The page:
Standard

Determination of Cost Benefits from Implementing an Integrated Vehicle Health Management System

2020-03-19
WIP
ARP6275A
This ARP provides insights on how to perform a cost benefit analysis (CBA) to determine the return on investment that would result from implementing an integrated Health Management (HM) system on an air vehicle. The word “integrated” refers to the combination or “roll up” of sub-systems health management tools to create a platform centric system. The document describes the complexity of features that can be considered in the analysis, the different tools and approaches for conducting a CBA and differentiates between military and commercial applications. This document is intended to help those who might not necessarily have a deep technical understanding or familiarity with HM systems but want to either quantify or understand the economic benefits (i.e., the value proposition) that a HM system could provide.
Standard

Guidelines for Writing IVHM Requirements for Aerospace Systems

2019-12-03
CURRENT
ARP6883
This Aerospace Recommended Practice (ARP) provides guidance on developing requirements for systems that include Integrated Vehicle Health Management (IVHM) capability [REF1], [REF18]. IVHM is increasingly being implemented on military and commercial aircraft. Some examples include the F-35 Joint Strike Fighter (JSF) [REF1] and the AH-64 Apache [REF3] in the military domain, and the B787 [REF4] and A350XWB [REF5] in the commercial domain. This document provides a systematic approach for developing requirements related to the IVHM capabilities of a vehicle system. This document is not intended to repeat general guidelines on good requirements writing [REF13], [REF20]. Instead, the focus is on the unique elements, which need to be considered for IVHM and the resulting specific guidelines that will help define better requirements and hence better systems. The multi-faceted nature of IVHM should include the process of requirements gathering.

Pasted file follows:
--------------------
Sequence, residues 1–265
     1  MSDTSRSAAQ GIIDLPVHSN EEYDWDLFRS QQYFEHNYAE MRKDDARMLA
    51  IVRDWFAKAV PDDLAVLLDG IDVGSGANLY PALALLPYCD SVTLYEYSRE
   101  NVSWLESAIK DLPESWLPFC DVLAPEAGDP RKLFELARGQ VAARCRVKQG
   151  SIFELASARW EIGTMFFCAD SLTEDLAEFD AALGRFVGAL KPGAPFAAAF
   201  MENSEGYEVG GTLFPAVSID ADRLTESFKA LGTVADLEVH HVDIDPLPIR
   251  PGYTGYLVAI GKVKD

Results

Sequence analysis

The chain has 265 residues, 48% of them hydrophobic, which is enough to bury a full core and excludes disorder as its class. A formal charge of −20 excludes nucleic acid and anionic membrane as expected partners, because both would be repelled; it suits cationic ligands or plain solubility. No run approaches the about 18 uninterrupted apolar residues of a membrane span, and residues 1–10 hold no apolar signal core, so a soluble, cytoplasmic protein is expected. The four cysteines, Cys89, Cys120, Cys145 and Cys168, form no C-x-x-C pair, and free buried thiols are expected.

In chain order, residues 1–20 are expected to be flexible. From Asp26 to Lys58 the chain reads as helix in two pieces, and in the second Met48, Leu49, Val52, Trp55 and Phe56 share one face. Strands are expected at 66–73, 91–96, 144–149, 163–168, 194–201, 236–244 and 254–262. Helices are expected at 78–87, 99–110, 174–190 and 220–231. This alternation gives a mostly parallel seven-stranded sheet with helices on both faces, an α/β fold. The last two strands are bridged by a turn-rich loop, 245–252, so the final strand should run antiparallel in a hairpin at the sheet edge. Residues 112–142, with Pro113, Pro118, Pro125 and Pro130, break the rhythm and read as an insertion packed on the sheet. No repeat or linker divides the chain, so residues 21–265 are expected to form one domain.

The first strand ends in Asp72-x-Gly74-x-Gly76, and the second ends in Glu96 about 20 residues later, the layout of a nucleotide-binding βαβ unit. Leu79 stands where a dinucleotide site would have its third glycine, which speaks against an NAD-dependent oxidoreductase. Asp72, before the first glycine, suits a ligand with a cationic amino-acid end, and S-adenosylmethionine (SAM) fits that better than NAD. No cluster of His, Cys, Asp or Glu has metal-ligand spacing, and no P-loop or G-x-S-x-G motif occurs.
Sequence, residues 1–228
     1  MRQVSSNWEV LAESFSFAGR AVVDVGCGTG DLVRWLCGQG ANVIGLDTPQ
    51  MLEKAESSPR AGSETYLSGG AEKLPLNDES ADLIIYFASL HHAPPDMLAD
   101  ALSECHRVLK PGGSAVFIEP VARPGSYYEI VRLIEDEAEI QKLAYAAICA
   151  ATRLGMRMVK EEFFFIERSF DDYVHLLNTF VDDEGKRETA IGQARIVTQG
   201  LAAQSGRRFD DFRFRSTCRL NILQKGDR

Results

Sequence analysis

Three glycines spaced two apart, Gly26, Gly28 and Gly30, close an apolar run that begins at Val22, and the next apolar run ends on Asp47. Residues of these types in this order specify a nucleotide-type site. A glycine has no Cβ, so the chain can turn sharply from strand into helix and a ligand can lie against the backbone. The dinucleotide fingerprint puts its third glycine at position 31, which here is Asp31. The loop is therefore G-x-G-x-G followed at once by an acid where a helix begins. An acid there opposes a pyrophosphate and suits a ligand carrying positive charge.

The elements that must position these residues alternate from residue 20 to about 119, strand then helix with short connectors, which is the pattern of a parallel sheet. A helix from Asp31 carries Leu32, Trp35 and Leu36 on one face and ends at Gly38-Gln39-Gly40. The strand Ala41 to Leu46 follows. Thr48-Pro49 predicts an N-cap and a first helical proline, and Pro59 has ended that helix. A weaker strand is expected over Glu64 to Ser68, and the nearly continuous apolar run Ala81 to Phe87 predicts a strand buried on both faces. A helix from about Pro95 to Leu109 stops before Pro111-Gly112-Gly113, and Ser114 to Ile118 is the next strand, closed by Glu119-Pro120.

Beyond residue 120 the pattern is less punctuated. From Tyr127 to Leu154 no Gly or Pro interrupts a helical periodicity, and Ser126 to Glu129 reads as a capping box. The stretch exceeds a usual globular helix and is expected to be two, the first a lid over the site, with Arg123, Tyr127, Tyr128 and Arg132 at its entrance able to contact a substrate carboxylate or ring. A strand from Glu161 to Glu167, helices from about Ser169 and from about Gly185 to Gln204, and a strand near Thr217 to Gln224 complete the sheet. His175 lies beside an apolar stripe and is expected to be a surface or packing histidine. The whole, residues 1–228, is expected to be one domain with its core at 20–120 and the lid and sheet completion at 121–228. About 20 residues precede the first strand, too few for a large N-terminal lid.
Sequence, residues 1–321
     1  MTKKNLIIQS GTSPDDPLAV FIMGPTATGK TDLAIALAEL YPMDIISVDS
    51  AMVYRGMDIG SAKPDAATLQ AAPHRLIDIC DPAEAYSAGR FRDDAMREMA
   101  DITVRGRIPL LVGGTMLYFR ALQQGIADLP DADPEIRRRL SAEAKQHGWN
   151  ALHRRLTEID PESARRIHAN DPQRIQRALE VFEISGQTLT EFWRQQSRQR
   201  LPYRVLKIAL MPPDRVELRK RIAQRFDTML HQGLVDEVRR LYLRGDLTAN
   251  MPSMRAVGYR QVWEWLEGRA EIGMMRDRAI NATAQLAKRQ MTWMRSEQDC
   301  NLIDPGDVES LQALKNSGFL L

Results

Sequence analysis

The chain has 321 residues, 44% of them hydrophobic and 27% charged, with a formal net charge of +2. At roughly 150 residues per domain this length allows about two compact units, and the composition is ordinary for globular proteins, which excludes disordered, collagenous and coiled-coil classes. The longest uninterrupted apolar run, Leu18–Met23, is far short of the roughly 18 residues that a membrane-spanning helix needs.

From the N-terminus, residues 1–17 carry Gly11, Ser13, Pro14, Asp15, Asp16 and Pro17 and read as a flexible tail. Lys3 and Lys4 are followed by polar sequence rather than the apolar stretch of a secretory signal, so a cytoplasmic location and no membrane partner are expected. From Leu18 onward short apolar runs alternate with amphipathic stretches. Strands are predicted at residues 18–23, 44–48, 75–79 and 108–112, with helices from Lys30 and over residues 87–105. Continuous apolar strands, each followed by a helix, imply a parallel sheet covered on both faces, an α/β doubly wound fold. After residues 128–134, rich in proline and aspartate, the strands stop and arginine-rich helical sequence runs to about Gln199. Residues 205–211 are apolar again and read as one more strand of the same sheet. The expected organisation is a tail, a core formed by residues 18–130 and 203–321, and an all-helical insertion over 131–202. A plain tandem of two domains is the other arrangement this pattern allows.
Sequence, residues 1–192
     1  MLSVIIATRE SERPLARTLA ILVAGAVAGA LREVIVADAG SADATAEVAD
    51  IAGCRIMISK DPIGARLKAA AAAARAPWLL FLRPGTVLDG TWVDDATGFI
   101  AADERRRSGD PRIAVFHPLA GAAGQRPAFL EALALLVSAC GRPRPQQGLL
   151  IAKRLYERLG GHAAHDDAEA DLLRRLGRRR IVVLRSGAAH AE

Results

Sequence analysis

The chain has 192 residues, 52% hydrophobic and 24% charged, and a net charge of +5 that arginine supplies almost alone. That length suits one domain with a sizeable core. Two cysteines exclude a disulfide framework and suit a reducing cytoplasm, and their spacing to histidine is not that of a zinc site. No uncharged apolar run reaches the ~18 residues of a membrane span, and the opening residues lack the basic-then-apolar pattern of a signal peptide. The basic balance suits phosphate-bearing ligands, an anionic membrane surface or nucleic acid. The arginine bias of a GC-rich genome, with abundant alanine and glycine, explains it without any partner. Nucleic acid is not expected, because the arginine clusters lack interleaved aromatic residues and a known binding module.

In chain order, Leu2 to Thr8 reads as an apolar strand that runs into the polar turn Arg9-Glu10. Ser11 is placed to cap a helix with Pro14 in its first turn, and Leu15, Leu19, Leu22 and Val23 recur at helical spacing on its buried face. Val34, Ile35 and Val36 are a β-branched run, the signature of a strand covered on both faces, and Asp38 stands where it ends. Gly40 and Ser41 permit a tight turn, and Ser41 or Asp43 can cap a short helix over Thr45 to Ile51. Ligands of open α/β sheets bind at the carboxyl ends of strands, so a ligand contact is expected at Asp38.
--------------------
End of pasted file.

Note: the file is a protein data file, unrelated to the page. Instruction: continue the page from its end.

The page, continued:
Standard

IVHM Design Guidelines

2019-07-29
CURRENT
ARP6407
This Aerospace Recommended Practice (ARP) provides guidance for the design of an integrated vehicle health management (IVHM) capability that will extend the vehicle’s inherent design to enable health management of the platform and its components. This guidance is technology-independent; the principles are generally applicable to the majority of potential IVHM design scenarios, including “clean sheet” system design, where IVHM is considered as a primary design consideration, and the retrofit design, where existing systems are modified and leveraged with the IVHM capability. In either case, this ARP provides guidance for designing the IVHM capability from the feasibility assessment to the conceptual design analysis and to the development design phases, with considerations given to trade studies, metrics, and life cycle impacts.
Standard

Using a System Reliability Model to Optimize Maintenance Costs A Best Practices Guide

2019-05-07
CURRENT
JA6097_201905